When you’re in Panama City Beach, Florida, and you head over to one of the many restaurants famous for their oysters, what you’re probably going to get are some of the finest oysters in the world.
Apalachicola oysters have a reputation of being the best – that’s why they make up 90 percent of Florida’s oyster harvest and 10 percent of the nation’s supply. This is no reflection on the quality of oysters from the Atlantic Coast or Chesapeake Bay, which are excellent in their own right, but there is something special about the oysters that thrive in the beautiful and pristine waters of Apalachicola Bay — thirty miles of shallow oyster paradise on the Florida panhandle.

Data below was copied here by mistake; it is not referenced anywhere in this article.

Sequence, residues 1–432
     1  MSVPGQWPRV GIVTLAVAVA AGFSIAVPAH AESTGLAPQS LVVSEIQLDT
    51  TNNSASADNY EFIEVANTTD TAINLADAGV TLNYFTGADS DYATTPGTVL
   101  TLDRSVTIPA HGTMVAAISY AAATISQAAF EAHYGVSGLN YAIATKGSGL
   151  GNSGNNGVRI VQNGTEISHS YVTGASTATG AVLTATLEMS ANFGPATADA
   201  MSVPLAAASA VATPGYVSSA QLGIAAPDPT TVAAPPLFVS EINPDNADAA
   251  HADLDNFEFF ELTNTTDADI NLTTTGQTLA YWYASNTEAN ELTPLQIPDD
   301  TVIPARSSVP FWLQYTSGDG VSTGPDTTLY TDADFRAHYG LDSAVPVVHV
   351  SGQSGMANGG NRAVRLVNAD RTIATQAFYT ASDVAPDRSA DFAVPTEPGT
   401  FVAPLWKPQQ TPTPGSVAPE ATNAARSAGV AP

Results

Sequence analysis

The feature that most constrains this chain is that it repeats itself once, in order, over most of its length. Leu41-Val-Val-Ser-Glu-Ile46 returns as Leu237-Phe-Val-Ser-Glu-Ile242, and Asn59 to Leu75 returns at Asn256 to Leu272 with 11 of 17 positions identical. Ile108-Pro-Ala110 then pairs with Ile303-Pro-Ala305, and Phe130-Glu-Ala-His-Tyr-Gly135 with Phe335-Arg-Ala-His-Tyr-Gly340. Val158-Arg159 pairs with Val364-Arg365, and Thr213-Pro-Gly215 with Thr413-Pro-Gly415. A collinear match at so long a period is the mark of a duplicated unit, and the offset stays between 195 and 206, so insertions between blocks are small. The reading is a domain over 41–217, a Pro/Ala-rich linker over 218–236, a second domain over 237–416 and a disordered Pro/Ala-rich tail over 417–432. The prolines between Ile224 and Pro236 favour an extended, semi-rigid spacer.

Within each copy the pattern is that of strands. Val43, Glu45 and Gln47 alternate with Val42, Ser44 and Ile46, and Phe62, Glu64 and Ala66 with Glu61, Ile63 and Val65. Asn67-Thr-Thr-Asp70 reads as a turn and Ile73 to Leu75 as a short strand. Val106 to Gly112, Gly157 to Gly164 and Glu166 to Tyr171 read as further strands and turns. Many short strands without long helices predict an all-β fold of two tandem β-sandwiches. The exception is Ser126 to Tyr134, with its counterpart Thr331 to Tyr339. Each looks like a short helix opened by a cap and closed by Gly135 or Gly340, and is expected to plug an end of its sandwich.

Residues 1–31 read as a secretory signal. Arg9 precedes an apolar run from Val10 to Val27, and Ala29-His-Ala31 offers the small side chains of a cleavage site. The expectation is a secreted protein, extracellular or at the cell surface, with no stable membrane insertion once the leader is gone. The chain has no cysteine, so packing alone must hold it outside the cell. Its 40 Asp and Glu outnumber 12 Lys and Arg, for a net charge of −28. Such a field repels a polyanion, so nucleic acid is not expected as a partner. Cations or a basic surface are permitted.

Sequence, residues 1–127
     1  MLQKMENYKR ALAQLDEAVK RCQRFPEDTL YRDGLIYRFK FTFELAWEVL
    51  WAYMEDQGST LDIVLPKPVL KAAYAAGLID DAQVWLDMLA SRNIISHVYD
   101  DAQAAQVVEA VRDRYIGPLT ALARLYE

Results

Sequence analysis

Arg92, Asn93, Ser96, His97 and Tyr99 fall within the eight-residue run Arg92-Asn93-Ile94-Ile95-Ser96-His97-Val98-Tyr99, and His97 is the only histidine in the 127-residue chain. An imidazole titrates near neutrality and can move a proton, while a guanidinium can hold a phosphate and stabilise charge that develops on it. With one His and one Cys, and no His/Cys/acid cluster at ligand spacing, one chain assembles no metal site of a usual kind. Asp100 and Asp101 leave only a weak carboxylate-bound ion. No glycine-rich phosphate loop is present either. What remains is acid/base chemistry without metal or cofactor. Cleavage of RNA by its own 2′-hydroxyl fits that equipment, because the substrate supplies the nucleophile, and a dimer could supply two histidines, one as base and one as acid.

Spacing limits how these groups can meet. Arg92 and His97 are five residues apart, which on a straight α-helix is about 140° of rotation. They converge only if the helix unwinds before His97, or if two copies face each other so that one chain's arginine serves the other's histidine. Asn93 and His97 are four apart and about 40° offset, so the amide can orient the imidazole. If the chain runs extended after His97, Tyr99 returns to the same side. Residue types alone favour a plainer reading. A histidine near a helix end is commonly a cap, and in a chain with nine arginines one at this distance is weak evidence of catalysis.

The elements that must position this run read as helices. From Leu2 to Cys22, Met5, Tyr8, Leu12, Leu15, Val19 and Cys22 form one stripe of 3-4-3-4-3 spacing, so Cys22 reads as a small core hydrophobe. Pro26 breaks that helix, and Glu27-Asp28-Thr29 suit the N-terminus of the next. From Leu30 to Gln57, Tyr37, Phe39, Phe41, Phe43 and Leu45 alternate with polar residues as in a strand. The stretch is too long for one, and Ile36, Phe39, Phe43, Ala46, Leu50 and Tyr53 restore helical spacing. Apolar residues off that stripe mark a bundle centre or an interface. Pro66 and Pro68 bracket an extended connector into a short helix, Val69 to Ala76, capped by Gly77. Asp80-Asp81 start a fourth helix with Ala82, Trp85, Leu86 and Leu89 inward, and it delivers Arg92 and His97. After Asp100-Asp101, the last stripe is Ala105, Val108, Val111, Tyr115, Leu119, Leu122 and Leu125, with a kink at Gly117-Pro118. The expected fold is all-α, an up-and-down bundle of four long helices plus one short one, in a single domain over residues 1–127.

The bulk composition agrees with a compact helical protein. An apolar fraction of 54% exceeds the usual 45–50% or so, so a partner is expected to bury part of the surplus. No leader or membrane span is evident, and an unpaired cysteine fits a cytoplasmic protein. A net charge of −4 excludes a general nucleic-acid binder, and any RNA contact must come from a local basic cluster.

Apalachicola is the last place in the United States where wild oysters are still harvested by tongs from small boats. Once one of the busiest commercial arteries in the Old South, the Apalachicola River carries nutrient-laden silt down to the bay, creating an ideal environment for the thriving oyster beds.
In three years, an Apalachicola Bay oyster will grow to a length of around three inches. The prized oysters are noted for their fine, clean taste, consistency and general perfection. The New York Times reported in 2002 that Apalachicola Bay oysters were \”among the finest in the world, if not the finest.\” The article reported that the best known chefs in the country prized the oysters above all others.
Whether you’re at Harpoon Harry’s, Dusty’s, Shuckums, Sharky’s or any of the well-known oyster hot spots in Panama City Beach, rest-assured, your oysters are fresh, delicious, and more than likely come from Apalachicola.
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